Francis Ng is a Regulated Canadian Immigration Consultant with over 20 years of experience in the field. An instructor for the Immigration Consultant Diploma program at Ashton College and the winner of a Faculty Achievement Award, Francis also runs the ICCRC Examination Prep course.
We sat down with Francis to learn more about his career journey and to get some of his insights on the immigration profession.
How did you get into your career in immigration?
When I first immigrated to Canada 30 years ago, I was the Deputy Executive Director of Hong Kong Trade Development Council. After working in Canada in the same field for UNITC, YVR, Guangdong State corporations, and BC Trade Development Corp for over 15 years since 1986, I had to think about what to do next. To put it simply, I knew I was at the cross road of my previous career, and I was looking for something beyond retirement age. I knew that to be successful, I needed to be in a regulated field as a professional with a a recognized designation, so I was never really looking for a job – I wanted to have my own business.
Immigration Consulting was going through many changes at that time: it was becoming a regulated industry, which made it more attractive for both consultants and clients. I knew I had the necessary skills to run an immigration business – in fact I was practicing immigration consulting since 1986, in a way, as I often needed to help my international clients in the areas of both temporary and permanent resident status application, among other things. I’ve also had experience dealing with and communicating to different international government officials throughout my career, so I thought that immigration might be a good fit for me.
I attended an information session at UBC in the spring of 2001 that talked about the changes in the immigration industry and then decided to pursue the designation. Oddly enough, I was told that I needed to pass the English proficiency test, which made me say – “no, thank you”. Why? Because I already had a Diploma in Management Development from Harvard Graduate School of Business, a Bachelor of Arts in Marketing and Business Administration from an English university in Hong Kong, and I was the executive director at the BC Trade Development Corporation. Thankfully, because of my prior international business experience, the language proficiency requirement was waived for me and I was then able to pursue my new career.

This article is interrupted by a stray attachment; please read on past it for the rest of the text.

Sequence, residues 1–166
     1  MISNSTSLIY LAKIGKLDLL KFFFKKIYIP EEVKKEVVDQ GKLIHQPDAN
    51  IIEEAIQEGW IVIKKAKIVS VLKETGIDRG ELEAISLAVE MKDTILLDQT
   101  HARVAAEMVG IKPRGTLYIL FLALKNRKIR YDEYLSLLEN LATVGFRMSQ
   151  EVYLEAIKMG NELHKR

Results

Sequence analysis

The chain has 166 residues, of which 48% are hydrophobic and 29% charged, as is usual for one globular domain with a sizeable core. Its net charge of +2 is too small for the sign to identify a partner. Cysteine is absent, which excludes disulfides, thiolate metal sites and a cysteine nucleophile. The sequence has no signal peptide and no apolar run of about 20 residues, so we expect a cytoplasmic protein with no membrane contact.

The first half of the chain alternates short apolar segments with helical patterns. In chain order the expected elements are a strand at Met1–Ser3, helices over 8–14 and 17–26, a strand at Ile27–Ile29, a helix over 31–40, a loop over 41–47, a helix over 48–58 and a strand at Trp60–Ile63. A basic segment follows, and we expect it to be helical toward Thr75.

Why did you join Ashton?
There was an opening at Ashton College for an instructor for the Immigration Consultant Diploma program about 10 years ago and I applied for it. It was never my intention to teach – in fact, I applied because I could get CPD professional development points for my practice (when you are a member of an organization, you need to have a certain number of points to keep your designation). But after a while I realized that I actually enjoyed teaching. Students tell me that I have very good presentation skills, and I am able to develop great relationships with them. In fact, I still communicate with many of them, and we sometimes help one another in complicated cases internationally.
What do you like the most about Immigration Consulting?
I love dealing with people. Immigration Consulting is a profession where you get to help people and directly influence their lives. As an immigrant myself, I understand the value of having access to honest and candid immigration advice and getting support when one first comes to Canada.